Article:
Waiting for Hours to Buy Stuff Is Totally Illogical – But We Love It!

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According to the experts, the best explanation for why consumers wait in line just so that they can hand over money for the newest iPhone or a Black Friday doorbuster deal is that … it’s fun?

A New York Times op-ed published over the summer declared in the headline that waiting in line is “torture,” and here’s why:

Americans spend roughly 37 billion hours each year waiting in line. The dominant cost of waiting is an emotional one: stress, boredom, that nagging sensation that one’s life is slipping away. The last thing we want to do with our dwindling leisure time is squander it in stasis.

So true. Everybody hates lines. Or do they? Despite the largely universal loathing of lines and time wasting away unnecessarily, it’s become commonplace in society today for consumers to willingly, happily volunteer to partake in such torture, waiting on line for hours, if not days, for the latest iPhone or Nike sneakers, as well as for Black Friday sales and rides at Walt Disney World.

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What can explain such behavior? Why is it that we can gripe about lines at airports and government offices one second, and then break our backs standing in them outside an Apple Store the next, all the while there are plenty of other, far more reasonable ways to get what we want?

For the most part, consumers aren’t waiting in line for logical reasons. They aren’t there to get the absolute best prices, nor (limited edition Nikes notwithstanding) to get their hands on a scarce, highly valuable commodity. What is it, then?

Consumer analysts and marketing researchers offer this explanation, which is puzzling to those of us who try to avoid queues like the plague: Waiting in line is fun, and makes you feel good about yourself.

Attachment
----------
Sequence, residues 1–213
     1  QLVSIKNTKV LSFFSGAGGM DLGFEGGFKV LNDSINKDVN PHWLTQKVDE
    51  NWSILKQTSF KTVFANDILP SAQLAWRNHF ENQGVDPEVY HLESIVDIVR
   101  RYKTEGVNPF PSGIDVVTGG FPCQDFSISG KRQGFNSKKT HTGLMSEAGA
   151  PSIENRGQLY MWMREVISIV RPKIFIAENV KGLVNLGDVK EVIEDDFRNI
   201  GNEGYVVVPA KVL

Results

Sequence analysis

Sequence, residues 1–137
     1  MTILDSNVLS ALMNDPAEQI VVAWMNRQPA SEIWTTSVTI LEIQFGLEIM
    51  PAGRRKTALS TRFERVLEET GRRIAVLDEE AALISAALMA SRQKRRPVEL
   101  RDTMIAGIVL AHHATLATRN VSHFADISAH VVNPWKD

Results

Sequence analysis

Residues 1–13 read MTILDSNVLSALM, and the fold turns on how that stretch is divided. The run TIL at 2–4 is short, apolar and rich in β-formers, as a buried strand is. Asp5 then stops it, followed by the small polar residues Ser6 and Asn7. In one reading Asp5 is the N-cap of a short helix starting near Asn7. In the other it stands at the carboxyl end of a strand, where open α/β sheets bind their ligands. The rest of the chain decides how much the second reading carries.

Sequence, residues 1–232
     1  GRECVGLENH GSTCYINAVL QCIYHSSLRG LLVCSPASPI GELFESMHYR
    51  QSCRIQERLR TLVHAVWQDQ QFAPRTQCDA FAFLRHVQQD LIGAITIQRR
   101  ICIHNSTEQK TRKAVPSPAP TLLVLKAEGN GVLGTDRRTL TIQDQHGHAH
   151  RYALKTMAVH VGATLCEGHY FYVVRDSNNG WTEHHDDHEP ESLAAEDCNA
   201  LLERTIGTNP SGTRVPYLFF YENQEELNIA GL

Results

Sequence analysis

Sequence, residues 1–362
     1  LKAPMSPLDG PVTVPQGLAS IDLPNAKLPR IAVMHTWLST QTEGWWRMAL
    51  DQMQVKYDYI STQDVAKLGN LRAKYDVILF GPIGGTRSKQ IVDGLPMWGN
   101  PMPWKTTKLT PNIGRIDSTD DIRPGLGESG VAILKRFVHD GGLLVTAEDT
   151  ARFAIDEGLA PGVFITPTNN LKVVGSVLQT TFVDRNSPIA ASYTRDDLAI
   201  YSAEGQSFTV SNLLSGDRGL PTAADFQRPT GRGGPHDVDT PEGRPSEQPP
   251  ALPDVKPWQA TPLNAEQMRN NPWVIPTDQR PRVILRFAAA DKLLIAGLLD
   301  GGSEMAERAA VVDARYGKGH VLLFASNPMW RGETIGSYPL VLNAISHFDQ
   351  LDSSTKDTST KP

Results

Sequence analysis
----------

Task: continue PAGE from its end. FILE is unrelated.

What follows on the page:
Wait, what? What about the idea that lines are torture, and that we suffer the “nagging sensation that one’s life is slipping away” while waiting in them?

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Apparently, stronger psychological forces are at work, at least when it comes to a certain breed of shopper. “The shared experience of waiting is part of what’s driving consumer satisfaction,” according to the experts cited in a MarketWatch story. Instead of the communal suffering in a wait to get through an airport TSA checkpoint, waiting outside an Apple Store for the latest iWhatever, or camping out on a Best Buy sidewalk before Black Friday, has become a giddy, exciting experience shared by those willingly joining in.

Being surrounded by like-minded consumers, who have also decided that it makes sense to wait in line, is a sign that you’re not alone—and that your choices on what to buy and how long it’s worth standing around to buy it are sound:

[It’s] a concept known as “social proof.” And that holds true even in the face of considerable logic to the contrary; a name-brand television, for example, is actually more expensive on Black Friday than on several other holiday-season shopping days